Sonatype Releases New Nexus Firewall Policy to Secure Software Supply Chains from “Dependency Confusion” Attacks

As news continues to cascade on a recent dependency hijacking software supply chain attack, detection of dependency confusion, a.k.a. namespace confusion, copycat packages are on the rise. These counterfeit packages, presenting the same attack method which compromised over 35 major companies’ internal systems including Microsoft, Apple, Tesla, and Netflix, are surfacing in npm and potentially other open source registries (PyPI, RubyGems, NuGet, etc). These targeted companies automatically acquired the malicious and counterfeit packages in their development environments without any engineering mistakes involved in the attack, exploiting a system design flaw in how npm and other open source ecosystems have no authentication of namespace or coordinate checks.

The importance of why namespacing matters in public open source repositories highlights potential threat areas as bad actors take advantage of gaining access to critical infrastructure. Organizations are in need of being able to secure their software supply chains from dependency confusion attacks.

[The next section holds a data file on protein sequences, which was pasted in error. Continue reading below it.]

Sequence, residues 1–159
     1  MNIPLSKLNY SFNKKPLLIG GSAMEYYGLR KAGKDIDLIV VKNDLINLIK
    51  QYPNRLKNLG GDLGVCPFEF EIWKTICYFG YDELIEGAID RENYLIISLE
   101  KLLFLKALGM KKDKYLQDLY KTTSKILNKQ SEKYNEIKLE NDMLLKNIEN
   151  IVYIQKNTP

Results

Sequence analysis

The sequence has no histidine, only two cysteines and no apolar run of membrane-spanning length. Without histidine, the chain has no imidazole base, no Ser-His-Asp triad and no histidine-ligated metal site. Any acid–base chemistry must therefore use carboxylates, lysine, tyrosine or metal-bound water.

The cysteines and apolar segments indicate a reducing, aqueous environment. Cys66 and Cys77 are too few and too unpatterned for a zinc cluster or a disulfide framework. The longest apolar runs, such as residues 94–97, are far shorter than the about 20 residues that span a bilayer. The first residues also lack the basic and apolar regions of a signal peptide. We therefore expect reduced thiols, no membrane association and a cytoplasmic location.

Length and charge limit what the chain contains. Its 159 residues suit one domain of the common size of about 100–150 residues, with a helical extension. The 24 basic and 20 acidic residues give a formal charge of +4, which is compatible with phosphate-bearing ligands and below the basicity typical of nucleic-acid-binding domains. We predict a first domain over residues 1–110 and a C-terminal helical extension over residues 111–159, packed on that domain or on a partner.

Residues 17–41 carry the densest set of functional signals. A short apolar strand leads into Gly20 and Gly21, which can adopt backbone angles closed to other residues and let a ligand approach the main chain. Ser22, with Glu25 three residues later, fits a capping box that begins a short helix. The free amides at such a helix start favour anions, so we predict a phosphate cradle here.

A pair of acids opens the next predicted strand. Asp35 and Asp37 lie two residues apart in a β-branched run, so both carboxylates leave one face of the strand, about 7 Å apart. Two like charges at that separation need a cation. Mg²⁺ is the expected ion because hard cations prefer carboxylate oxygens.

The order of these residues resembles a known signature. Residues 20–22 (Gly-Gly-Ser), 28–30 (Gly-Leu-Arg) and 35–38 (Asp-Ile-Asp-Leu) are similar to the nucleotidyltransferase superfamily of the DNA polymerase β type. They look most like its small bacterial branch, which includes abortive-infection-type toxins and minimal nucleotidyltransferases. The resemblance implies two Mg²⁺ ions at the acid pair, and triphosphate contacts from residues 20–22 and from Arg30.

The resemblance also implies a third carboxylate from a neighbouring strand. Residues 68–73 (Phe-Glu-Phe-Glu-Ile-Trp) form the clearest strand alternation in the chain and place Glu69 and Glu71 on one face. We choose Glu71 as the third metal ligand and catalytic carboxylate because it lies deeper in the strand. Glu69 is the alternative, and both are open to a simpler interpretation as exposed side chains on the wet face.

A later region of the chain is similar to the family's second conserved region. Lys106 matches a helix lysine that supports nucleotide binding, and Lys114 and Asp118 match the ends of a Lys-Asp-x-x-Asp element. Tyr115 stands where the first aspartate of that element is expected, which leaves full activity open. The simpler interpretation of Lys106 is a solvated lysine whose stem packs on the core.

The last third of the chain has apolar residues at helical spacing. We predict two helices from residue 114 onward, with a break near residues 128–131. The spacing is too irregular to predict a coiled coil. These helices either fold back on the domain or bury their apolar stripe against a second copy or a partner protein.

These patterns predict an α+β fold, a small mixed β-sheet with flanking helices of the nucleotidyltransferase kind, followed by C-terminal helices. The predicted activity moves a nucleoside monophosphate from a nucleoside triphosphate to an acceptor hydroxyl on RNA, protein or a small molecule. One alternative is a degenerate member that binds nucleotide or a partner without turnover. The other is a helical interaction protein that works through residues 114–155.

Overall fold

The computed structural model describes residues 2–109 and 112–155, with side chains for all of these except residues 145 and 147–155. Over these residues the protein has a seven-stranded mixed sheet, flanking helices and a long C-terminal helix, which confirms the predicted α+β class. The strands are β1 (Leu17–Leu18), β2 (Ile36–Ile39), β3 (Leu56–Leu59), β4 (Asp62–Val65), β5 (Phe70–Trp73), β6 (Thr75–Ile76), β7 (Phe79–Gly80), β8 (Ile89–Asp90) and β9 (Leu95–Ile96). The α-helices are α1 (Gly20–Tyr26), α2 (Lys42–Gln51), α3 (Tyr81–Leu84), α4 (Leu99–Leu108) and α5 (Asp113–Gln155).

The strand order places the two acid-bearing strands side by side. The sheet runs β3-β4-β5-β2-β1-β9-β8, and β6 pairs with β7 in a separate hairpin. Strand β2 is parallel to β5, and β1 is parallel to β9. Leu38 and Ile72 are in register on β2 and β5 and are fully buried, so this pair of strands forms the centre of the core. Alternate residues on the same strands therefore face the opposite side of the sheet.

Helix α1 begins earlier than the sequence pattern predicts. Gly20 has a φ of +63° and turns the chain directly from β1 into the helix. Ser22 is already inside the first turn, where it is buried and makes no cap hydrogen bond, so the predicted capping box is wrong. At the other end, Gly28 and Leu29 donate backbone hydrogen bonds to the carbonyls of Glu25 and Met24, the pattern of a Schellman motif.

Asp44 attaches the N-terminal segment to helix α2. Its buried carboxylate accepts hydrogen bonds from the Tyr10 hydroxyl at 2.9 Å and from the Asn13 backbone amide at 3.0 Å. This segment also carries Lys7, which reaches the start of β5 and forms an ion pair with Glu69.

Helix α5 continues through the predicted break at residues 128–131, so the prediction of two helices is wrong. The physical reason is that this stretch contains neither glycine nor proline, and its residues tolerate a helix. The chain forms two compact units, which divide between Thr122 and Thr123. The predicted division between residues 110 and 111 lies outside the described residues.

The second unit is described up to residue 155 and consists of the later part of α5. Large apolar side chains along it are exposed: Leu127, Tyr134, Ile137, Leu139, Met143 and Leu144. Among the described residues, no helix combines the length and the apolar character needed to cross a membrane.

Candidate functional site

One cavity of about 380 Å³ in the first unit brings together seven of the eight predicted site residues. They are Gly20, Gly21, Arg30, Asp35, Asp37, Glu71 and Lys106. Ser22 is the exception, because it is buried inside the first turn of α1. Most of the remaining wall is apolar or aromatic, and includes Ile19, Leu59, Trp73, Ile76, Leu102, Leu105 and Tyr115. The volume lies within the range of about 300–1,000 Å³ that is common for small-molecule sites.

Dependency Confusion Protection with Nexus Firewall and Nexus Repository

New in Nexus IQ Server 106 and Nexus Repository 3.30

We are excited to launch Sonatype’s new Dependency Confusion Policy Protection using Nexus Firewall and Nexus Repository! Nexus users can now automate dependency confusion protection at scale by connecting Nexus IQ Server’s policy management and component intelligence data with proxy repositories in Nexus Repository Manager.

Dependency Confusion Policy Protection features discussed in this section require licenses of Nexus Repository Manager, Nexus Firewall and Nexus IQ Server. For further information and documentation on setting up Dependency Confusion Protection, see Preventing Namespace Confusion.

DevOps Unbound Podcast

Development pipelines confusing your own proprietary software components with public components in open source registries, having the same name but a completely different author, is extremely dangerous. Considering malicious code from counterfeit public components can be executed upon installation, it becomes clear the need to block such components as (Read more...)

*** This is a Security Bloggers Network syndicated blog from Sonatype Blog authored by Brent Kostak. Read the original post at:

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